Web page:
The discussion of artifice in Milton's "Paradise Lost"

Essay by piouspilgrimCollege, UndergraduateB+, February 2009

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The Birth of ArtificeAny author that attempts to depict the origins of mankind must first deal with the greatest challenge of all: the limitations of a modern mentality whose perspective on life creates narrow paths through which the author must navigate carefully. When trying to describe the indescribable, to understand the unknown, or to transcend the finite to the infinite Milton understands the limitations of language; "Paradise Lost" - the greatest epic of all - is a conversation between the author and the reader, between the past and the present that is easily understood; however, Milton is quick to remind both himself and the reader that language is inherently fallen. Milton's purpose is to write "Of things invisible to mortal sight" (iii. 55); that is to say, he reveals - over the course of twelve books - both that mankind has fallen from immortality to mortality and that its fallen nature prevents its physical and intellectual "sight" from comprehending the spiritual realm.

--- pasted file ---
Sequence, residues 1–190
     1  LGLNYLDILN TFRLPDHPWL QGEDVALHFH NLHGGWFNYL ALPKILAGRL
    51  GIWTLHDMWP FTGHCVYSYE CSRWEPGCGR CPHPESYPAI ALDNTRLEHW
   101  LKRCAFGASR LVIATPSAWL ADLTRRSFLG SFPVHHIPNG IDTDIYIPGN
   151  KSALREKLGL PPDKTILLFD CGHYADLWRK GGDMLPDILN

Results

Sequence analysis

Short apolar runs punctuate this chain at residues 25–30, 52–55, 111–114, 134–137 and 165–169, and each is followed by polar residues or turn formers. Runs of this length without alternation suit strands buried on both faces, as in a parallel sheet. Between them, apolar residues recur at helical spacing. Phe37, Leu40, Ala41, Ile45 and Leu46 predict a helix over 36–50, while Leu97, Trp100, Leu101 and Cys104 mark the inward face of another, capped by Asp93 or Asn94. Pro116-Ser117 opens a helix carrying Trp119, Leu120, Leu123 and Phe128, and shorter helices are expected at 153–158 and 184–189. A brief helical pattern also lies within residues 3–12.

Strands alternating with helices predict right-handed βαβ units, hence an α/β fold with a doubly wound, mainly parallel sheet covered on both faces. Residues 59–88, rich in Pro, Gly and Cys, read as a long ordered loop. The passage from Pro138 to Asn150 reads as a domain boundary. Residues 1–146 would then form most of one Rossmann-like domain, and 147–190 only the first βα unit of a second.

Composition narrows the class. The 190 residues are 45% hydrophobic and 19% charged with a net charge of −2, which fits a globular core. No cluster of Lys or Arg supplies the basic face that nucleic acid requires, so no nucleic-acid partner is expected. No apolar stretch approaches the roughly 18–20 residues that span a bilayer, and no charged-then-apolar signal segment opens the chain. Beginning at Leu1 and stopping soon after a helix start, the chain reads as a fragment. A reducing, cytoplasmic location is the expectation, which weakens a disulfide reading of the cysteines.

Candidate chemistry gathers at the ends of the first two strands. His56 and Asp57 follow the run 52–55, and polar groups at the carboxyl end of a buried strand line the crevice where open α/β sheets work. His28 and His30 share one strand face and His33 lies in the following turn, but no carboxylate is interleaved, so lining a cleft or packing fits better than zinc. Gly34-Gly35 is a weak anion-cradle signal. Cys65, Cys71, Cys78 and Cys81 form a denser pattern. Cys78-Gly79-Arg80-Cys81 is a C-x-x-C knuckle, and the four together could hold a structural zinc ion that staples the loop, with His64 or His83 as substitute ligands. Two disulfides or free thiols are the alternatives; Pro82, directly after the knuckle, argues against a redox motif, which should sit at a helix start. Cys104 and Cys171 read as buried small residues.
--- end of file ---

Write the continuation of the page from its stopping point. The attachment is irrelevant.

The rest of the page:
By contrasting an original perfect state to that of the fallen state of mankind, Milton puts the spotlight on the moment in time when "artifice" enters and alters human life forever. Artifice, first presented to Eve through the appearance and speech of Satan, is later materialized through the clothes that Adam and Eve begin to wear. A broken relationship with God creates a separation within the first humans between their - now empty - interiors and their exteriors which must be covered. There ceases to be intimacy - into-me-see - both between people and God, and between Adam and Eve as a couple. Milton argues that it is now impossible to let the façade go; the mask, the clothes, remain as an intrinsic part of fallen life and the only person that can see humanity naked is God.